Hospice of the Bluegrass, Inc., located in Lexington, has agreed to pay the U.S. government hundreds of thousands of dollars to settle civil allegations.
According to the settlement agreement, from January 2002 to December 31st 2008, Hospice submitted numerous claims to Medicare to receive reimbursements for services performed on patients who did not qualify for the Medicare services. Hospice agreed to pay the federal government $685,000 to settle the allegations.
Five Hospice employees previously filed a lawsuit against the company, claiming that Hospice improperly billed for Medicare services. In this case, the employees will receive $137,000 of the recovered money.
Hospice of the Bluegrass released this statement in response to the settlement:
“The United States Department of Justice announced the settlement of a case involving Hospice of the Bluegrass. The issue focused upon the physicians’ determination of the life expectancy and length of stay of terminally ill patients who received care nearly a decade ago. Making decisions about how long patients are expected to live is complex, especially for patients who suffer from non-cancer terminal diseases like heart and lung disease. Ninety percent of Hospice of the Bluegrass patients die within six months of admission, almost all patients die within one year; only a small percentage of very ill patients survive more than one year.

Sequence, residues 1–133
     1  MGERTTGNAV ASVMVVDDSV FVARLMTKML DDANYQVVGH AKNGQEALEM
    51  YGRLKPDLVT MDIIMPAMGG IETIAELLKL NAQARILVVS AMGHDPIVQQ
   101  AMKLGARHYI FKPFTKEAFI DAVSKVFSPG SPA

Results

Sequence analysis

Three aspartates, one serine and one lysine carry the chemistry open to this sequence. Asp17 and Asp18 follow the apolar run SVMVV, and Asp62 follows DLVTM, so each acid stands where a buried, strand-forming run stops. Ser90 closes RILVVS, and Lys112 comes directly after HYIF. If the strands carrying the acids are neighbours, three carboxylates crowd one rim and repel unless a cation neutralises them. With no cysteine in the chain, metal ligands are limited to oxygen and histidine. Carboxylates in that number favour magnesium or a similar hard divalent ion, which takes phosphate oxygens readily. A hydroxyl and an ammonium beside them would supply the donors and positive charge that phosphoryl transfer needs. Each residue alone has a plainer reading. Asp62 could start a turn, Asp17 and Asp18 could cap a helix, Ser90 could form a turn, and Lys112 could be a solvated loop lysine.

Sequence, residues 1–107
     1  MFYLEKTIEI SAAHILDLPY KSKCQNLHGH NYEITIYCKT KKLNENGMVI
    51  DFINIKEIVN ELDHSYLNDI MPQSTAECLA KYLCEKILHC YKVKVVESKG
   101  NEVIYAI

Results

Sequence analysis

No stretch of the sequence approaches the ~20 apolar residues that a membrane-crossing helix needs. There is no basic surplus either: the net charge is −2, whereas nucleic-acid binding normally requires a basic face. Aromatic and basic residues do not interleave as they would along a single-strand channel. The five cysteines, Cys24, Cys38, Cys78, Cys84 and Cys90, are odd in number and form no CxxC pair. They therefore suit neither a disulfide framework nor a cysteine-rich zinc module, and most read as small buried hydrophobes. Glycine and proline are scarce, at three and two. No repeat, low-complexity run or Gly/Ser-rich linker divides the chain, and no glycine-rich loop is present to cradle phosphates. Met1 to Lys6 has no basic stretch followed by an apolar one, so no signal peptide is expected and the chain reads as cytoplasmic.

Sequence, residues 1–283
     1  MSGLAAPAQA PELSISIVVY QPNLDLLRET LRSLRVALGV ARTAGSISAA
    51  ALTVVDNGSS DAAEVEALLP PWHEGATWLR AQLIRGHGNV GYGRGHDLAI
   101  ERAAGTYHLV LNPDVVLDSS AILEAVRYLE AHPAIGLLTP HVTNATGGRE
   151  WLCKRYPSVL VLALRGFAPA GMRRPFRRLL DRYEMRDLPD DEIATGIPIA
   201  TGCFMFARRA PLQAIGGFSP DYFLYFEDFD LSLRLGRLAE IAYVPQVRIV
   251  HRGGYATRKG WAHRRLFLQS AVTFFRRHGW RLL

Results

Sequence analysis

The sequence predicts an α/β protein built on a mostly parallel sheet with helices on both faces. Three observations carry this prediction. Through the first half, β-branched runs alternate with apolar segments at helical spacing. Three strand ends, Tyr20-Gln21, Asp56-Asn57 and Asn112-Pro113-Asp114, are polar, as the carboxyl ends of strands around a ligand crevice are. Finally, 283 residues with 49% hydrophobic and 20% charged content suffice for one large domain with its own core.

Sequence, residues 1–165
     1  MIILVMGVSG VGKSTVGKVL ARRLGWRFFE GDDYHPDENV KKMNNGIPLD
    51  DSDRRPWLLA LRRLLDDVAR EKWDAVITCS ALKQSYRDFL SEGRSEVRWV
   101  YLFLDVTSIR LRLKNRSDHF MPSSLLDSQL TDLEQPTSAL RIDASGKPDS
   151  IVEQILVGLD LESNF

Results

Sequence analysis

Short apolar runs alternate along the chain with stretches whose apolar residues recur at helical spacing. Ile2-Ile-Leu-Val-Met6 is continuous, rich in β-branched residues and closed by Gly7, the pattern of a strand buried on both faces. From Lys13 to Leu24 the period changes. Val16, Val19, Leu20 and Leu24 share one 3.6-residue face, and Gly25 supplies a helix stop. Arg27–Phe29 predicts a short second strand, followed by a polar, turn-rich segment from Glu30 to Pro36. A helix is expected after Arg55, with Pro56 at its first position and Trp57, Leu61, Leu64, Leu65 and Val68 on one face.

“Physicians who specialize in Hospice and Palliative Medicine disagree with government reviewers about the eligibility for hospice care of this small number of non-cancer patients. However, Hospice of the Bluegrass chose to settle after carefully considering the resources and time that would be necessary to litigate the issues in order to focus on providing high quality, compassionate hospice care for dying patients and their families.”